Our story is likely not that different from any other immigrant family, especially for those coming from non-English speaking countries.  For sure Mexican, Italian, French, Russian, Japanese, Chinese and Turkish families among others all know it well.  But it isn't only language, it's also cultural orientation, customs and, of course, food.  I still cook some dishes that come directly out of my family tradition, things my mother and grandmother would serve at their tables.  And how happy are we when our town has a food store that carries ingredients or a restaurant that serves food from our heritage world.  The aisle at Whole Foods with Asian products, the meat case with Italian sausage or a variety of tortillas in the cooler make us feel "at home".

I always marvel at how my extended family, many of whom arrived as adults, totally rebuilt their lives in America.  They experienced a personal "refresh" long before that word became part of the digital age's language.  My mother's English was accented but fluent.  From the first days, my father who made his reputation as a gifted orator in Berlin now made his living making equally compelling speeches in what he had learned as a second language.  He was fortunate both in knowing English and in having academic credentials (including a rabbinical ordination) that were transferrable.  But many of his friends had to struggle.  There were doctors and lawyers who, in order to continue their chosen careers, had to literally go back to school.   Many others had to find new lines of work or had to adjust to a vastly different economic circumstance.  It was extremely hard and for sure they often felt disconnected, some undoubtedly alienated.

Not everyone could make the adjustment cut, or make it without extraordinary pain.  Some older people never could learn the language, or really didn't want to.  Call it a fear of losing identity or just a kind of obstinacy every one of us who comes from an immigrant family can remember or knows the relative who still speaks the old tongue and, to the degree possible, lives the old way.  There was the grandmother who only spoke Yiddish or Italian, the dad who found a way to keep working while holding fast to his Chinese.  Ethnic neighborhoods, especially in larger cities like New York or Chicago, facilitated this kind of cocoon existence.   Little Italy and Chinatown are in New York, but in a way not so much.  For a long time and even today they are a protected slice of somewhere else.  And that doesn't only happen in America.  My paternal grandparents, for example, landed up in Palestine and lived to see the creation of the State of Israel.  But they lived in a tight German-Jewish conclave and never learned or spoke Hebrew.  The world is small and repetitive when it comes to the immigrant experience.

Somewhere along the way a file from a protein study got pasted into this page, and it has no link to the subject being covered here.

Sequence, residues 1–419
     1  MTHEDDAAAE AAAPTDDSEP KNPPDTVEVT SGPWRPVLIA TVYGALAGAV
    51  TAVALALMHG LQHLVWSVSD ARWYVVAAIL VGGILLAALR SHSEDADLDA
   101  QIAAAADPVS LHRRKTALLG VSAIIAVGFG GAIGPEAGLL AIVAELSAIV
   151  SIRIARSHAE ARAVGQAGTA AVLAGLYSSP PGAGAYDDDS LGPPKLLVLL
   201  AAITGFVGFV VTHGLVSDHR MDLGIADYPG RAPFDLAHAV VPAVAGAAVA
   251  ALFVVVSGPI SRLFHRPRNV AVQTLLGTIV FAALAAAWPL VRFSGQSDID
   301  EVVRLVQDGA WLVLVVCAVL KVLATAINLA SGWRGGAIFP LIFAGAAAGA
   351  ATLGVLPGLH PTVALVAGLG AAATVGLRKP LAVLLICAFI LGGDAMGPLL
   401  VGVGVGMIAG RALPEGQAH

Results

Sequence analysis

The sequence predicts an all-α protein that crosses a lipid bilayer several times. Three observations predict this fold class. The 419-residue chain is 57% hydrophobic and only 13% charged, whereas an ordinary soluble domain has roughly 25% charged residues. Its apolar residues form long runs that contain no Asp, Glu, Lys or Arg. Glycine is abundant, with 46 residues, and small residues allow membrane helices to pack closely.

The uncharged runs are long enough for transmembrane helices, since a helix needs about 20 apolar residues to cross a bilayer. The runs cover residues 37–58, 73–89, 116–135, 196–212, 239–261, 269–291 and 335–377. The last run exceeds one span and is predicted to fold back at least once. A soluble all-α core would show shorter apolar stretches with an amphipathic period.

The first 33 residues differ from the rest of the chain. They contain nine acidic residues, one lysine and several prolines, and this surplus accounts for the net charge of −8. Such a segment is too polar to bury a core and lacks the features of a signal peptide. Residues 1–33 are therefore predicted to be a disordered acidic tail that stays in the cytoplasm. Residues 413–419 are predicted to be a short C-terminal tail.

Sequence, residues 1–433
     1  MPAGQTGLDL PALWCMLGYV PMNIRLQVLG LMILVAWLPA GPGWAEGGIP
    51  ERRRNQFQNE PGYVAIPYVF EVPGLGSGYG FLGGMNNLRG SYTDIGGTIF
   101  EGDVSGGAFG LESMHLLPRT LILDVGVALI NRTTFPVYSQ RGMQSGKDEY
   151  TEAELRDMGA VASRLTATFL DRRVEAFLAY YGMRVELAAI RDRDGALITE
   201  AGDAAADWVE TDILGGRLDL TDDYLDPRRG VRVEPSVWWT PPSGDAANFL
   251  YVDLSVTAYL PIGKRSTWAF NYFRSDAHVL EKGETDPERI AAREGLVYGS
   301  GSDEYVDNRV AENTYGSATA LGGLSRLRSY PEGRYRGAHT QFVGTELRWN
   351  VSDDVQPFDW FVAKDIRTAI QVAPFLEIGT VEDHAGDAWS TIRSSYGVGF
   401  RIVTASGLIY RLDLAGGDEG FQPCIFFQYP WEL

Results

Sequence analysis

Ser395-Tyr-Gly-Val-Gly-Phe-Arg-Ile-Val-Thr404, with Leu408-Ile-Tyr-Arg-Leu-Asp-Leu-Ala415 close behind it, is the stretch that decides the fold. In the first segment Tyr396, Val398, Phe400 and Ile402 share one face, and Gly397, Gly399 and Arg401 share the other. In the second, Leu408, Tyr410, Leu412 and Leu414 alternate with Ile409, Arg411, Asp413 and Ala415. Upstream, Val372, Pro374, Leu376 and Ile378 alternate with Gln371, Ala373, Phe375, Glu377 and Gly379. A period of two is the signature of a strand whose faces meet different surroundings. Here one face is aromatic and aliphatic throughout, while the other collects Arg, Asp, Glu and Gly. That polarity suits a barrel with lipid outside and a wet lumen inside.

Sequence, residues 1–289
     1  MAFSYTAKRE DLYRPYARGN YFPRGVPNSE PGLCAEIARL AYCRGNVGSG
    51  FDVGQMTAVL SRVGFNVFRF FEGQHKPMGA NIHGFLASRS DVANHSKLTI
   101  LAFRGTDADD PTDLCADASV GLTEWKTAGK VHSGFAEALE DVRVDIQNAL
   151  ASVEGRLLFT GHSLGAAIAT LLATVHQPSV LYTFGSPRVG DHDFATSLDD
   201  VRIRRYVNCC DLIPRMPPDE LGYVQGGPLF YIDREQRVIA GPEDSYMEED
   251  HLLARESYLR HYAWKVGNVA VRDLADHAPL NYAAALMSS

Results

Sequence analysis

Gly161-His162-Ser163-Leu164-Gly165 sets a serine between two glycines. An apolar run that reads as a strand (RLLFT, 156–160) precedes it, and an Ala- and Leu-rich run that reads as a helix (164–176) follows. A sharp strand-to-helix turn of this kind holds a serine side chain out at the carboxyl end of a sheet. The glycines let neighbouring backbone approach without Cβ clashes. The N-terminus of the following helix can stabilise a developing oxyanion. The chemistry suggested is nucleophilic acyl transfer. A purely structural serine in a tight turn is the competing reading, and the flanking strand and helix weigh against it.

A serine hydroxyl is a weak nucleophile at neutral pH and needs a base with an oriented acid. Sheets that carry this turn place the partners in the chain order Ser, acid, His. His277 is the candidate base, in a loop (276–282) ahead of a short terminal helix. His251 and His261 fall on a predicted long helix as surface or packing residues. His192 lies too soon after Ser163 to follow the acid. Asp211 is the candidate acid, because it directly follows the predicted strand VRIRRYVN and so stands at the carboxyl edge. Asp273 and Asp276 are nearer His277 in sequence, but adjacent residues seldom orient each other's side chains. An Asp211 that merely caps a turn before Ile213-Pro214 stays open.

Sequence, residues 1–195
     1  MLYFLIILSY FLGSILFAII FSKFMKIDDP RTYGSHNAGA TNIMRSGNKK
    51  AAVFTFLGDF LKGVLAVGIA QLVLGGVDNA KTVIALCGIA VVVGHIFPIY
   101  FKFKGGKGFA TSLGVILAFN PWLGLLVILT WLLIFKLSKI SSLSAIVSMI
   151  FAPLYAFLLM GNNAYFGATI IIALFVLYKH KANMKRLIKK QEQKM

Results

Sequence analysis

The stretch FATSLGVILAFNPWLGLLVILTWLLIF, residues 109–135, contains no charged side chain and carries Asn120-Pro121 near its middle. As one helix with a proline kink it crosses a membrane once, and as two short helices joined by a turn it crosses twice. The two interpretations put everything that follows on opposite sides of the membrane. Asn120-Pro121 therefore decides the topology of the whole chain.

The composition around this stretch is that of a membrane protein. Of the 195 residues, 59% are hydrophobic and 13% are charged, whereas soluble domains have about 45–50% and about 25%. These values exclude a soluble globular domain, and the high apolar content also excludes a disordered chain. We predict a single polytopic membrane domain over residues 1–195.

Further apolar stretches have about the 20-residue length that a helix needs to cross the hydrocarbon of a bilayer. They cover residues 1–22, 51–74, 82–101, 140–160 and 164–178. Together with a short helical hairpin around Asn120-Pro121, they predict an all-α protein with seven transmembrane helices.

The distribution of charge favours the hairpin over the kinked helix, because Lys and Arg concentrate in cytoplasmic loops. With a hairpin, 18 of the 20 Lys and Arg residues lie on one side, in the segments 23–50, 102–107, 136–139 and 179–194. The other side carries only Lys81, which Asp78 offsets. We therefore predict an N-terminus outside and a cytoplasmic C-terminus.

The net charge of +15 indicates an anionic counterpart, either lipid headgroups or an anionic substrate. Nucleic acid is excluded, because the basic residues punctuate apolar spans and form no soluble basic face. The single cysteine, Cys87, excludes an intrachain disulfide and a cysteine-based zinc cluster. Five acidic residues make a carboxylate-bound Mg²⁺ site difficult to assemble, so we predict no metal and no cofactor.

In working through the immigration bill, members of Congress should not be thinking of the brothers Tsarnaev in the sense of what harm people from other places ("people who don't belong") can do, but rather should understand that all immigrants face huge challenges.  The terms of adjustment including learning and using a new language, adopting new customs, working in a different environment and often with heretofore alien mores doesn't come with a snap of the fingers.  Good, peaceful and highly productive people will at times yearn for the old place and will have some degree of mixed if not dual loyalty.  That's true for our immigrant population today, but no more or less than was the case when my family and others settled in this new place.  That it was a wonderful place in reality as well as in the abstract took some time to discover and a considerable amount of adjustment.  But we would all be less — yes, less American — without them.